My wife and I spent our honeymoon at the winter lodge in Yellowstone National Park. After a week of cross-country skiing to photograph the geysers, waterfalls and wildlife, we spent a few days in West Yellowstone, Montana. I had heard of the Grizzly & Wolf Discovery Center, an Association of Zoos & Aquariums-accredited wildlife park, and was excited to photograph their animals in realistic habitats. The center had one large bear enclosure where the staff rotated a combination of grizzlies for exhibition and enrichment throughout the day and two wolf enclosures housing separate packs.
The day I visited the center, a storm with heavy snow was forecasted. With the weather in mind, my goal was to photograph the bears and wolves in the harsh winter environment. As the snowstorm picked up, the other visitors started leaving. Since the bears weren’t on display, I concentrated my photography on the wolves in the larger enclosure. Soon, I found myself alone in the park. Even the staff had disappeared.
The storm seemed to give the wolves energy. They began running and playfully interacting. Just when I thought the encounter couldn’t get any better, they started howling. First, one of the lower-ranked wolves started to sing, but not one individual joined him. Then, the alpha howled, and the whole pack started to serenade me. It was absolutely amazing, and I was in a great position to photograph these behaviors. As the storm intensified into near-blizzard conditions, the wolves took shelter in the trees at the back of their habitat. The blowing snow reduced the visibility to almost zero.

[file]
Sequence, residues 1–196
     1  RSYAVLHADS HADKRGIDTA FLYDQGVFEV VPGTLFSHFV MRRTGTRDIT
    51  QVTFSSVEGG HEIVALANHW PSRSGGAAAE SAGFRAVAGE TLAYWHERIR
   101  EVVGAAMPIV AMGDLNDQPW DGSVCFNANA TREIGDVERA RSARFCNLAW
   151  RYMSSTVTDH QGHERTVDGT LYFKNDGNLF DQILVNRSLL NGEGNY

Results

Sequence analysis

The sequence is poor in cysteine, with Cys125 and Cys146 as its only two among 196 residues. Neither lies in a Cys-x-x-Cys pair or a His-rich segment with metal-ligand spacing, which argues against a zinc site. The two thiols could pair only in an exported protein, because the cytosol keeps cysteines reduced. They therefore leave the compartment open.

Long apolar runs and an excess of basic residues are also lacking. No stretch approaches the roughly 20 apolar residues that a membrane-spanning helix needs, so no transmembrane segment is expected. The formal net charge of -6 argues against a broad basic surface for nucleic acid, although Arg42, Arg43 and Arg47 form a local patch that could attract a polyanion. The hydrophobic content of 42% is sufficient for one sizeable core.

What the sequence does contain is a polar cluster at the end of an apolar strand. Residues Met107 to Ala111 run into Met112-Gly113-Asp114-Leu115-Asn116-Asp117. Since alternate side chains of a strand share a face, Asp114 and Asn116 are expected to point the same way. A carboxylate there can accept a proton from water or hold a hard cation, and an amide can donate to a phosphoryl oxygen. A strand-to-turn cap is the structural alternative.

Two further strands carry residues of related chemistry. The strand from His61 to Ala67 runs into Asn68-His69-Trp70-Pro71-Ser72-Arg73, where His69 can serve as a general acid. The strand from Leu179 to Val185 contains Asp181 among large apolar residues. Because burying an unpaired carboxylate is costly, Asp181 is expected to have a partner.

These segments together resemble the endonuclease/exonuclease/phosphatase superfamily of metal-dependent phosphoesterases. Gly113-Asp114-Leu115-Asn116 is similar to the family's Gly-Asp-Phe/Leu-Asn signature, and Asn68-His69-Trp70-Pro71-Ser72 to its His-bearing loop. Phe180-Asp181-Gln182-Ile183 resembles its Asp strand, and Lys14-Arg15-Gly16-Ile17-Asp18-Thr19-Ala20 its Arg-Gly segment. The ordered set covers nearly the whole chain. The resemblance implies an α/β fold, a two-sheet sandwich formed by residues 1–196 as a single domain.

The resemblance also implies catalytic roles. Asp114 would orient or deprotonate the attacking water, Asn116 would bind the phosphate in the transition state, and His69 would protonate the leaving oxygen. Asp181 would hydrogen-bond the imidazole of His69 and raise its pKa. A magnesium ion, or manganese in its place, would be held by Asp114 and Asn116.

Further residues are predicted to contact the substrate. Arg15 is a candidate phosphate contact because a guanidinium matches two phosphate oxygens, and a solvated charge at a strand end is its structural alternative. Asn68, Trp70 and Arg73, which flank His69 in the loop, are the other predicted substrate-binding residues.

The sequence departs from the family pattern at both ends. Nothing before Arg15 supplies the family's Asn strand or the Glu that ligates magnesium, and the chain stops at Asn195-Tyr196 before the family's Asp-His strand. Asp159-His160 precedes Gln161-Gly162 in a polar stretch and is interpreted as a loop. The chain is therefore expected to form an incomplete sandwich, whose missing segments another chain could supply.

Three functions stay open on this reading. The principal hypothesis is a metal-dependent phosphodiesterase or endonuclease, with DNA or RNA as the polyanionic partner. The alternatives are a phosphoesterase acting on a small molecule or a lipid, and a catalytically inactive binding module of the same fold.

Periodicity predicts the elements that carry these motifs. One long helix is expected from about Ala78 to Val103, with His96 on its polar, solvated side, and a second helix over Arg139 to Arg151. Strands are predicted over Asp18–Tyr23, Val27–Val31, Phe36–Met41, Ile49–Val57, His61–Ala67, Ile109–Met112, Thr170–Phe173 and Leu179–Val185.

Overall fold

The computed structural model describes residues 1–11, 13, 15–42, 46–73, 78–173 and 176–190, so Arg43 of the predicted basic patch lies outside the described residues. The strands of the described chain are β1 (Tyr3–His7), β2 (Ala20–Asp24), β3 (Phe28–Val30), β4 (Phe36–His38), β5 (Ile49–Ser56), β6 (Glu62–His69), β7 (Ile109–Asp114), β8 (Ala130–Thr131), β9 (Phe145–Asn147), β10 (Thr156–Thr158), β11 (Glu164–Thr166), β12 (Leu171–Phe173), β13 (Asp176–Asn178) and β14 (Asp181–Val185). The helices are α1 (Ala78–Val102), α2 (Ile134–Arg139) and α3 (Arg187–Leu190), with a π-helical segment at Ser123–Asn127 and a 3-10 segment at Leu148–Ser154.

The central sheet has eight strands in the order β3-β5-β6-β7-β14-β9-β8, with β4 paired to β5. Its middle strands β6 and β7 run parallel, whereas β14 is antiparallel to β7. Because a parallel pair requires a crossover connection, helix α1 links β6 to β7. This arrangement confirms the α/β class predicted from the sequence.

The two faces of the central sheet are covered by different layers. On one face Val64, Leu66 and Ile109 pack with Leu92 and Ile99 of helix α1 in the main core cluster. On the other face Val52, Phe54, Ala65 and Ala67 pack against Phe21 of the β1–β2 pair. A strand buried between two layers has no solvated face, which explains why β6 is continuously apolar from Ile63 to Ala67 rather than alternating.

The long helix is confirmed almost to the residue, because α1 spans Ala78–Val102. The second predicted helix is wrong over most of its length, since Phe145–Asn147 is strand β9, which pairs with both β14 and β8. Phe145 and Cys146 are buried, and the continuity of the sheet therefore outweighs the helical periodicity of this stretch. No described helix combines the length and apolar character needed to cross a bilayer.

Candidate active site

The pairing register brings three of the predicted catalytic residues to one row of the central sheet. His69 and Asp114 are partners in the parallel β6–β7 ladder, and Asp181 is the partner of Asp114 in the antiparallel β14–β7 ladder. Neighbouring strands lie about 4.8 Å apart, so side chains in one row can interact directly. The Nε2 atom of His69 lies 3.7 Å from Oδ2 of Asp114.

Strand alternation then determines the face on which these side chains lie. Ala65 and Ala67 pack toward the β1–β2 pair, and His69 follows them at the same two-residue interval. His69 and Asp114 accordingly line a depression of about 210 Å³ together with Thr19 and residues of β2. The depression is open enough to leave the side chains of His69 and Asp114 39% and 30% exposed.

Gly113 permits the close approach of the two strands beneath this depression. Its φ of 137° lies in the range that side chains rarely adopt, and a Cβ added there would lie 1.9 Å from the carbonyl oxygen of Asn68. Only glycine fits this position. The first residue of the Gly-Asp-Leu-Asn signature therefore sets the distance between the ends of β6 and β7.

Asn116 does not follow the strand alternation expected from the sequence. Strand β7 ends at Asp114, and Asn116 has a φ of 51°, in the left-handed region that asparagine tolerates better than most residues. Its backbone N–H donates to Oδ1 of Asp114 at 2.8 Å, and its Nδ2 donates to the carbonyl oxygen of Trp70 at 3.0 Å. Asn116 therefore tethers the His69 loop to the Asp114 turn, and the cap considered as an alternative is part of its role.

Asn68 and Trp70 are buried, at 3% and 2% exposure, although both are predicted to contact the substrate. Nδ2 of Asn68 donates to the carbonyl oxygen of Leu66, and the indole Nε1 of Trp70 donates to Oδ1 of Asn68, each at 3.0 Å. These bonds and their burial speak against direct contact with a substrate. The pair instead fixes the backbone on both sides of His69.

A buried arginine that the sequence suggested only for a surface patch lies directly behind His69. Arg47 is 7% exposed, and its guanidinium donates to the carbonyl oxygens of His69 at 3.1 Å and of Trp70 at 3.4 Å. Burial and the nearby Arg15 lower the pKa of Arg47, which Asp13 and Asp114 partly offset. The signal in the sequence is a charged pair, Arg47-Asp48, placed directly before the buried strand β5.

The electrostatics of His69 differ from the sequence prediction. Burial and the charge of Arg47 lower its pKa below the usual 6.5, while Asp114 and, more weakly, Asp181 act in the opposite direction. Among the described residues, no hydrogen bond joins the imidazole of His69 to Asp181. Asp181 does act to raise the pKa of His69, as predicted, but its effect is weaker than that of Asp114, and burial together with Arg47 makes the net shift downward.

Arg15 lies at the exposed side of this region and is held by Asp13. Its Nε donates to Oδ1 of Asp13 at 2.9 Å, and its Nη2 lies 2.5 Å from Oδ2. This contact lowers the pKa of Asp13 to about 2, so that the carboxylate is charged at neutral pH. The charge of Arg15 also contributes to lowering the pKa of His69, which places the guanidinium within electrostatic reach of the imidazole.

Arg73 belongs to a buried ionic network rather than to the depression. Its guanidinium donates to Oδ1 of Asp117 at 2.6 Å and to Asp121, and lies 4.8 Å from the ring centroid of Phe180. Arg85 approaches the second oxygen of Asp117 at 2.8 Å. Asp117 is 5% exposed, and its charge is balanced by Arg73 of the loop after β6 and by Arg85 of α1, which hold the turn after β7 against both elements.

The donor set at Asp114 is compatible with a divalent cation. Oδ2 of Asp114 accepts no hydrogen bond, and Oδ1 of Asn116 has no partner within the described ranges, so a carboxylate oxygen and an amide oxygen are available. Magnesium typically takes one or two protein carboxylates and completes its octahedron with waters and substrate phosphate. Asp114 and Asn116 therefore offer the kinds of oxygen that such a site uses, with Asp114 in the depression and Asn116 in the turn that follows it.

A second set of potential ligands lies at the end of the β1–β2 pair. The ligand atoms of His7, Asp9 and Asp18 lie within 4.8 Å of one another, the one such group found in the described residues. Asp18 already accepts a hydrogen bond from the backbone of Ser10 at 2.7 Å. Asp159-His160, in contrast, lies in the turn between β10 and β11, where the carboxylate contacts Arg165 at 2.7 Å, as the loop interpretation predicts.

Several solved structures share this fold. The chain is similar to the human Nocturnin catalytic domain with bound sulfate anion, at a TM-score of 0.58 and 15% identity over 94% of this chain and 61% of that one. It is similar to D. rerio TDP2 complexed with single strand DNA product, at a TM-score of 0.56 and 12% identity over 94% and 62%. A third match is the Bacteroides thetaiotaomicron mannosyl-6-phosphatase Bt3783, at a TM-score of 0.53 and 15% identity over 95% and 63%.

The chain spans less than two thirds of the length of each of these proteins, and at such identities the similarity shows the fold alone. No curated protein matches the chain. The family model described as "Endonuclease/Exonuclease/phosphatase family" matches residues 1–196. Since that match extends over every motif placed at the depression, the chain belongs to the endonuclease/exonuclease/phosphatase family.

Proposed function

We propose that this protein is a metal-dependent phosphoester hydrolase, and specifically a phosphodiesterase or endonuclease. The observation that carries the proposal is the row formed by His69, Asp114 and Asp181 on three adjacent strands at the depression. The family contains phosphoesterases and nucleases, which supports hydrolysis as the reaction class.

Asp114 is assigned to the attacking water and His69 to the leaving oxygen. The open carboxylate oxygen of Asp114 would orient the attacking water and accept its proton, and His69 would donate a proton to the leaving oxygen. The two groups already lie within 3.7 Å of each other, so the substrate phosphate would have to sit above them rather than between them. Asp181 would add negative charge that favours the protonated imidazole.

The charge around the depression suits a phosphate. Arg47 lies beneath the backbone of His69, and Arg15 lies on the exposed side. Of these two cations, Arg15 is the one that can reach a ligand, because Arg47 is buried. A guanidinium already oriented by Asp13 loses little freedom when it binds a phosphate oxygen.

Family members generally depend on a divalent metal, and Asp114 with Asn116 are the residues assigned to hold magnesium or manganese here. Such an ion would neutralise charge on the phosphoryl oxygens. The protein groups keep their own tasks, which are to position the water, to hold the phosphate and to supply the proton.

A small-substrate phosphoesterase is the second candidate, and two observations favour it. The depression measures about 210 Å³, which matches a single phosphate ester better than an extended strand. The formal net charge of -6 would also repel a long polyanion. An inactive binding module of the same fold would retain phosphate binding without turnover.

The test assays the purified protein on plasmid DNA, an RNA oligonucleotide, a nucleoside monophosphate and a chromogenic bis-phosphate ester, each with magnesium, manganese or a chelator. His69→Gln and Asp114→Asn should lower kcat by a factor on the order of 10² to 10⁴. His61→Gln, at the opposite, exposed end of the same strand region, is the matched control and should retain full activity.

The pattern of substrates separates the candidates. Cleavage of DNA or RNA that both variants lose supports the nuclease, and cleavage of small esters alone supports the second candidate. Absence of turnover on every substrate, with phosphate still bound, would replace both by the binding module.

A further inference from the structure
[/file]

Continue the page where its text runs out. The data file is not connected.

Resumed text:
Even with my heavy winter clothing, I was feeling the effects of the cold. My hands were freezing since I had to take my gloves off repeatedly to manipulate my camera and change the battery. To capture the wolves in their environment, I used my 70-200mm lens. This gave me more flexibility than my heavy 400mm lens, and I didn’t have to carry a tripod around. I used my older Nikon D7200 camera body and a clear plastic camera cover to protect it from the snow.
About the time I’d had enough of the cold, one lone wolf began moving in and out of the trees for a few fleeting moments at a time, then disappearing. Finally, he just stood right in front of me, facing into the storm. I quickly fired off a series of photos before the wolf disappeared into the trees again. I knew immediately I had obtained the photograph I came for, which made standing in a howling snowstorm all afternoon well worth the effort.
As I was packing up my gear to leave, I was thinking what a tough, hard-core nature photographer I am. Then I saw the exit sign and turnstiles and realized I wasn’t deep in the backcountry of Yellowstone but in a first-rate nature center. Nevertheless, for a few hours, it felt like a true wilderness experience and, more importantly, I achieved my photography goal. This turned out to be one of my favorite wildlife encounters.
Nikon D7200, AF-S NIKKOR 70-200mm f/2.8E FL ED VR lens at 200mm. Exposure: 1/320 sec., ƒ/6.3, ISO 125.